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Localism, a movement to encourage consumers and businesses to purchase from locally owned, independent businesses rather than national corporations, has grown rapidly in the past decade. With several national, federated organizations and popular “buy local” campaigns, the localism movement has the potential to affect buying patterns, marketing, and distribution in American business. Yet localism remains understudied by researchers. This article, based on data from 38 interviews with localism leaders, identifies four of the movement’s priorities: independent ownership, local buying, local sourcing, and pragmatic partnering. In addition, we analyze the movement’s emerging values, including responsibility to workers and to the natural environment, and discuss the challenges these broader values present.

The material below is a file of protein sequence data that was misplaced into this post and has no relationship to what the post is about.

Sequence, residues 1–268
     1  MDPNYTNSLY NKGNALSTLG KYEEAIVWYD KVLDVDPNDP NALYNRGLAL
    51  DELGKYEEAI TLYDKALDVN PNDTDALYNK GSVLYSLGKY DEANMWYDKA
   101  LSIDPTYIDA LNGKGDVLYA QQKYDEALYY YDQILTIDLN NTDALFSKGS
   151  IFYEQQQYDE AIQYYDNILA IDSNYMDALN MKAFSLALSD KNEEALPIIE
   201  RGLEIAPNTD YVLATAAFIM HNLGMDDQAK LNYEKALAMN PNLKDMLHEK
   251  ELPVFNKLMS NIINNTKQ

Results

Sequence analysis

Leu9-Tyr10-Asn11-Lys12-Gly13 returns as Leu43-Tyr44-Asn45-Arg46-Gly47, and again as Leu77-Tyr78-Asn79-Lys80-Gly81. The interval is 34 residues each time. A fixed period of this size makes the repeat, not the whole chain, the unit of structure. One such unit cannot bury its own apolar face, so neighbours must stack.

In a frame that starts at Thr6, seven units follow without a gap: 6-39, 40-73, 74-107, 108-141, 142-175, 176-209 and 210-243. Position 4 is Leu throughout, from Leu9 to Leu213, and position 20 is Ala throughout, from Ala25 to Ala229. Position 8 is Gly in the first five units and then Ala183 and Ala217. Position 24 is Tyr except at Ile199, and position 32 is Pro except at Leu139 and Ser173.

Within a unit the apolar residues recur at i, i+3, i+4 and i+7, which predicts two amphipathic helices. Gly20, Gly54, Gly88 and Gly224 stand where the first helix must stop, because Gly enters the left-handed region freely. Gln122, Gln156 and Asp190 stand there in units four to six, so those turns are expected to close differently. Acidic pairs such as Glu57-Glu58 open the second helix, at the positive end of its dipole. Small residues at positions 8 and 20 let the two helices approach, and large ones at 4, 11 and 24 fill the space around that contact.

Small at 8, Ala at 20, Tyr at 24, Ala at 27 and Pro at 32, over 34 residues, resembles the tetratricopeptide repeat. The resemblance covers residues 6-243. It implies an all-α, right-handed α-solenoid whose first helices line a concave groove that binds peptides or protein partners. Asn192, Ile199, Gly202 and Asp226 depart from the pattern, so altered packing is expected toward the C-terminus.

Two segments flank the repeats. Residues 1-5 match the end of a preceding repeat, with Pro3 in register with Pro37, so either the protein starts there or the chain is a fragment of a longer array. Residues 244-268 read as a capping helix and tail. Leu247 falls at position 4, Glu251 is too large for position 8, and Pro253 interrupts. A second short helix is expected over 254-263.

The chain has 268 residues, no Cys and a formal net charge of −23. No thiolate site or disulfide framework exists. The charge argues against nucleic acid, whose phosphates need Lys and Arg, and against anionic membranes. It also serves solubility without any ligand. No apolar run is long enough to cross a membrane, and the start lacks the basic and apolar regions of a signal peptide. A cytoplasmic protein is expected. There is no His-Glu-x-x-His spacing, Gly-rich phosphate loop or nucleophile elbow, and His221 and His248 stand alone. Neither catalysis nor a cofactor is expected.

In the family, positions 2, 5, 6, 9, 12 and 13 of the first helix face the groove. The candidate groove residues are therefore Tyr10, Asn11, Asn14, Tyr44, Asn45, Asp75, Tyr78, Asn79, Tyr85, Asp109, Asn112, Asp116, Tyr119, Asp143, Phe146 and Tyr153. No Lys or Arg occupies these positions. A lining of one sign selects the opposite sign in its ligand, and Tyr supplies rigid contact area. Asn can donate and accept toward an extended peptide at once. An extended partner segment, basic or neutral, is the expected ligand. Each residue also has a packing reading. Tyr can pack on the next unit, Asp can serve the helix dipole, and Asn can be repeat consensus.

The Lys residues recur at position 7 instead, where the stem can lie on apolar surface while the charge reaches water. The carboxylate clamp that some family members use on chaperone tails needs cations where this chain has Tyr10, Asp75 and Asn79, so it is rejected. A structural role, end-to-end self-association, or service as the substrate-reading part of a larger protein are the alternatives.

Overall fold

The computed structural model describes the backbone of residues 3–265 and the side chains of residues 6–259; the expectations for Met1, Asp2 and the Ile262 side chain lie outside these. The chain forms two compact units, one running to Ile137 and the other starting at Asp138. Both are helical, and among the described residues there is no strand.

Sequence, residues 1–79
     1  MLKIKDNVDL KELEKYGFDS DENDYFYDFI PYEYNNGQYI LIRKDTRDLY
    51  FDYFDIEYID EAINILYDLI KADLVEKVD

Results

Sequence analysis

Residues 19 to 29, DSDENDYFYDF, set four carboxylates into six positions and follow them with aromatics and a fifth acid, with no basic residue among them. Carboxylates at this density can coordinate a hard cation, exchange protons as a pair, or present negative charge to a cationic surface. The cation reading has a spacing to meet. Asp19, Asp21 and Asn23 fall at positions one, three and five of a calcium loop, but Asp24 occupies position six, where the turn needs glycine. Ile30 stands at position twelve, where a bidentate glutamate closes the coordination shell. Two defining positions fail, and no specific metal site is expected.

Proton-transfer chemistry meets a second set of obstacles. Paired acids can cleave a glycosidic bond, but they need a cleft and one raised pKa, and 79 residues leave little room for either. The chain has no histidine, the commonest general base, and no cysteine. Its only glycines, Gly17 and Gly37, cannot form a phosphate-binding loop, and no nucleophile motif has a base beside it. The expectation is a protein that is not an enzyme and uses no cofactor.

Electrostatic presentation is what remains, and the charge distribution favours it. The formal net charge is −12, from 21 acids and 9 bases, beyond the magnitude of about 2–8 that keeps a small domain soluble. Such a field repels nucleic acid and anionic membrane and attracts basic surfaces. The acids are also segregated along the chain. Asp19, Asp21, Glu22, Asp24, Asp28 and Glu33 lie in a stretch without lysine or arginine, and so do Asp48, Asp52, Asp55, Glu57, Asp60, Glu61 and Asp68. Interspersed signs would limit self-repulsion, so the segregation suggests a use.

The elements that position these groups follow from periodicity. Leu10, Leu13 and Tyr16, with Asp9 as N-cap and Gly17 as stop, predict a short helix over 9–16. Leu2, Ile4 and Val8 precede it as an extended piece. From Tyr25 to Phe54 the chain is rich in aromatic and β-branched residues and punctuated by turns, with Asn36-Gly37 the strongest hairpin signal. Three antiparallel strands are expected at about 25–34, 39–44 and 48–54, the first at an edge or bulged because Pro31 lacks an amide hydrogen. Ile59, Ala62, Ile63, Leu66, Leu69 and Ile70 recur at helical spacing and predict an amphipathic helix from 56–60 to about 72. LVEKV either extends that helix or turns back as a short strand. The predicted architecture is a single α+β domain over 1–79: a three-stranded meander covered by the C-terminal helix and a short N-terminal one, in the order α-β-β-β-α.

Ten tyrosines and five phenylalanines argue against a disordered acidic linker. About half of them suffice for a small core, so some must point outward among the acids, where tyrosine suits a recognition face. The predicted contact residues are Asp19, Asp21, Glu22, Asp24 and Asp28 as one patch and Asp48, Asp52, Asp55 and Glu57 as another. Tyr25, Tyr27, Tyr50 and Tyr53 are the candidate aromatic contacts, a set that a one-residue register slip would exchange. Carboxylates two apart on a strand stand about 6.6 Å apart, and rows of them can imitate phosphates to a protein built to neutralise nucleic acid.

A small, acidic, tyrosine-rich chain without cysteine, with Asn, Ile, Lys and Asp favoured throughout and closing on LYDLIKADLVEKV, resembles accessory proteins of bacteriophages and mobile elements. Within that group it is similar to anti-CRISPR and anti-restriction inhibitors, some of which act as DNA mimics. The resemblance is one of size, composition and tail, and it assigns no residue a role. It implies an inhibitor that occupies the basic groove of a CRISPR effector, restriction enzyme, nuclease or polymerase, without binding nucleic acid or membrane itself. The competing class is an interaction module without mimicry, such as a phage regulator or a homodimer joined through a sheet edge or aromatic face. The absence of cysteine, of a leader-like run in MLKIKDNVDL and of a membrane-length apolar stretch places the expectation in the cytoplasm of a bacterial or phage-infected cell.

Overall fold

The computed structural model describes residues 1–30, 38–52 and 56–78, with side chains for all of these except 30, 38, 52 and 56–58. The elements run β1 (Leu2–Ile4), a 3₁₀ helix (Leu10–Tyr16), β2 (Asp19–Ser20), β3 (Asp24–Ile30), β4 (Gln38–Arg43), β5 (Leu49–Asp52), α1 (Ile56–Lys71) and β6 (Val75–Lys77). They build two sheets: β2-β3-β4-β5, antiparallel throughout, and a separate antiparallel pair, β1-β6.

Kurland, Nancy B.; McCaffrey, Sara Jane; and Hill, Douglas H.
"The Localism Movement: Shared and Emergent Values,"
Journal of Environmental Sustainability: Vol. 2
, Article 6.
Available at: https://scholarworks.rit.edu/jes/vol2/iss2/6